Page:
ScriptFrenzy a Bust?

14 04 2010

As much as it hurts me to say this, I think I have to give up on my ScriptFrenzy challenge. I’m still stuck at 11 pages, and it’s nearly halfway through the month. I’m behind on pretty much everything I can be behind on–grading, prepping classes, meeting deadlines–and I feel I should attend to those things that I am getting paid to do rather than spending more time on a script that is quickly going from it’s-so-bad-it’s-funny quality to I-can’t-even-bring-myself-to-finish-this-thing-it’s-so-horrible quality. *sigh*

I don’t like starting challenges I can’t finish, and so I’m stuck between trying to force myself to finish the challenge and keeping my head up and saying, “Next year I’ll be more prepared.” I can’t just quit the challenge and not think that I won’t try again–that’s too much finality for me.

My writing love goes out to all those scriptwriters who are keeping on task and finishing their scripts by April 30. I am saddened that I won’t be able to count myself among the winners, but I think I’ve learned a valuable lesson about switching to new written genres: it’s not as easy as it sounds. Next time around, I’ll be ready to write a not-good-but-not-horrible script in 30 days. Watch out April 2011!




2 responses

25 08 2010

Writing scripts is fun, I don’t think my directionals are really all that good and I probably never rise above writing b-level action or horror, but I enjoy it. I wrote an unofficial sequel to a horror movie called “Feast” that I was sure would never see a sequel, let alone two. The screenwriters went on to do “Saw IV-VII (aka 3D).” It’s called “The Harvest” and essentially rehashes the siege movie elements of “Feast” except in a diner and then a farmhouse. I ended up padding the script with all manner of gay jokes to push it past ninety pages. It’s immature, vulgar and disgusting (i.e. fun).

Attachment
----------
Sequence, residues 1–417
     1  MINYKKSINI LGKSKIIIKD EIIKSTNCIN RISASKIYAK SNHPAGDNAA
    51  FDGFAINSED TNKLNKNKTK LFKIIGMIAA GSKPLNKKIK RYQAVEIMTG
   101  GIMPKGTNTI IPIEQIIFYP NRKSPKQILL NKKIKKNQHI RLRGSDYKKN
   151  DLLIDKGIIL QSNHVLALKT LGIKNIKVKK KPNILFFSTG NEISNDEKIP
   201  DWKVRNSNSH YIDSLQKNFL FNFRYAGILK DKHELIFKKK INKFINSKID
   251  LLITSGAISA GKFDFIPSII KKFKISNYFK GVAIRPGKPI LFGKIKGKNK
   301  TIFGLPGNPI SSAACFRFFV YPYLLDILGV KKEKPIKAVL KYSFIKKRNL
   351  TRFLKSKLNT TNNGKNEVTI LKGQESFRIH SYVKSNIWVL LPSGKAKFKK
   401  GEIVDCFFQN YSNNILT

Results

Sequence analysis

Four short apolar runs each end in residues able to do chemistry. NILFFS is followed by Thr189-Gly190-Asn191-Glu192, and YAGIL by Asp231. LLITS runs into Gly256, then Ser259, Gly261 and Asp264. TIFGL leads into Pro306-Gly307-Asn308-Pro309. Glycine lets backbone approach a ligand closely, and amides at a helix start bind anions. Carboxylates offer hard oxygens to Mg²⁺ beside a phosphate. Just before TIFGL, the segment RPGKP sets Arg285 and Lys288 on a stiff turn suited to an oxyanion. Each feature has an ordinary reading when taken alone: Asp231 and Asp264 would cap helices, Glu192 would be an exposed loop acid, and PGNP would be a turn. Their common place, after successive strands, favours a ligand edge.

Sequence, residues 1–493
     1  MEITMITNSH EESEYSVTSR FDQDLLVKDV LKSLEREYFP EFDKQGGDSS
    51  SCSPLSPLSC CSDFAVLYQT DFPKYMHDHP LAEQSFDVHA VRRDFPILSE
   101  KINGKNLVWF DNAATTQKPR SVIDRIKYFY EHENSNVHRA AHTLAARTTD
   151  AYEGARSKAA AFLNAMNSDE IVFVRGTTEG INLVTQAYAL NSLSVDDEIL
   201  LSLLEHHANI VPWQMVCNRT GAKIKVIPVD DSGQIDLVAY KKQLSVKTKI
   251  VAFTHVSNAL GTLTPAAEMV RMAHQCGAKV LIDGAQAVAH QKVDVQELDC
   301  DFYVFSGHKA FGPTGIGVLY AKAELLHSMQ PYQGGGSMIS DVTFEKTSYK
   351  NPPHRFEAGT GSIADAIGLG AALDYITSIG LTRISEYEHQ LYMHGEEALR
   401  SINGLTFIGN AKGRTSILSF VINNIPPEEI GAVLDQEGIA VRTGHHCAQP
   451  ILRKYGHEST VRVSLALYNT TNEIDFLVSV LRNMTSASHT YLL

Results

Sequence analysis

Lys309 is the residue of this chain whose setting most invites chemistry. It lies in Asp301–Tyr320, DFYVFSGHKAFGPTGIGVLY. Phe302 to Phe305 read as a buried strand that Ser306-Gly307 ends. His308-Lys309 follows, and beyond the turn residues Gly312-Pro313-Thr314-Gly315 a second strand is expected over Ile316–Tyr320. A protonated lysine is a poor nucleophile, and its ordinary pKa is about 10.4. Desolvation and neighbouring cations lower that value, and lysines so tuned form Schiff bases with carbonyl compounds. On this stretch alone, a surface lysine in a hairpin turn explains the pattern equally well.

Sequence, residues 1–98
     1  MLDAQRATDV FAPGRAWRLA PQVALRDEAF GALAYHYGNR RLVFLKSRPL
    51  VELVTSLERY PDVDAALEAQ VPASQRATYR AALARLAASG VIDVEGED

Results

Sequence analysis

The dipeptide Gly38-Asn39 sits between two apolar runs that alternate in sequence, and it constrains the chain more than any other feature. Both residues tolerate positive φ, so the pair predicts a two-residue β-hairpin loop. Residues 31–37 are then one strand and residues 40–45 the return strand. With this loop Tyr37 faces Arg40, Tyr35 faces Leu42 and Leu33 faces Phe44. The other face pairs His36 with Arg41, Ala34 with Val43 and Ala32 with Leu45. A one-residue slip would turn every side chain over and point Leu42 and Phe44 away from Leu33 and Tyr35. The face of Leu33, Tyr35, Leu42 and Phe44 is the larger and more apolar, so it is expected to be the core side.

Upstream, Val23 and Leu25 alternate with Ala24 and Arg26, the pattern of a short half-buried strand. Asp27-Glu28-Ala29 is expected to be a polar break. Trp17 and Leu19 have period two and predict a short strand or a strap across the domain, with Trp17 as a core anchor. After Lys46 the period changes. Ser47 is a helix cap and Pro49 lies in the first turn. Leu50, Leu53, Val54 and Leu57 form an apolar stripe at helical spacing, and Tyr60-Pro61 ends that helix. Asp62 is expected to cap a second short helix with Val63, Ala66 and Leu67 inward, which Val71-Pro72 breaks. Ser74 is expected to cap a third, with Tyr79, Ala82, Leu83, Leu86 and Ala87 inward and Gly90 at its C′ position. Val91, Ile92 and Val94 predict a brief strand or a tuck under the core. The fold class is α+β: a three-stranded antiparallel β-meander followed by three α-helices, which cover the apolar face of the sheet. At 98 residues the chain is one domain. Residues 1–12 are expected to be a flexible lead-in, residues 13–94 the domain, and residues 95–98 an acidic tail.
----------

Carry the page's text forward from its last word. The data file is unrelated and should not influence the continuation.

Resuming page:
The second is taking a little longer to write because I ignore it for long stretches of time, but it was supposed to be a fun, stupid action movie because I came up with the idea after I watched the Brandon Lee movie “Rapid Fire.” First, it’s about a black guy, a white guy and a Jew who walk into a bar and they were all supposed to have ethnicity specific fighting styles. The Jewish/Israeli guy would do Krav Maga, the white guy was a boxer and the black guy would know some African martial art. It’s hard to write action scenes that specific so the idea, on paper at least, was abandoned.

Second, let’s put more f-words in it than “The Departed” (at over 200 that won’t happen, but I put in thirty-nine in thirteen pages). That idea also failed.

Now, we have the simple premise of “Black Heat, White Lightning” about a black police officer on a forced sabbatical who returns home to visit his brother only to find out he’s dead. So he teams up with his brother’s boss (the Jewish guy) and a local Neo-Nazi framed for his brother’s death to find the murderer and take down a local drug kingpin.

8 09 2010

You’ve got quite the repertoire going. It turns out that I have much more fun coming up with plots and story arcs than I do actually writing the scripts. For me, there’s something oddly hollow about writing with nothing but dialogue and stage directions. Then again, one of my playwright friends commented to me the other day, “What’s the point of writing it down if it isn’t dialogue?”

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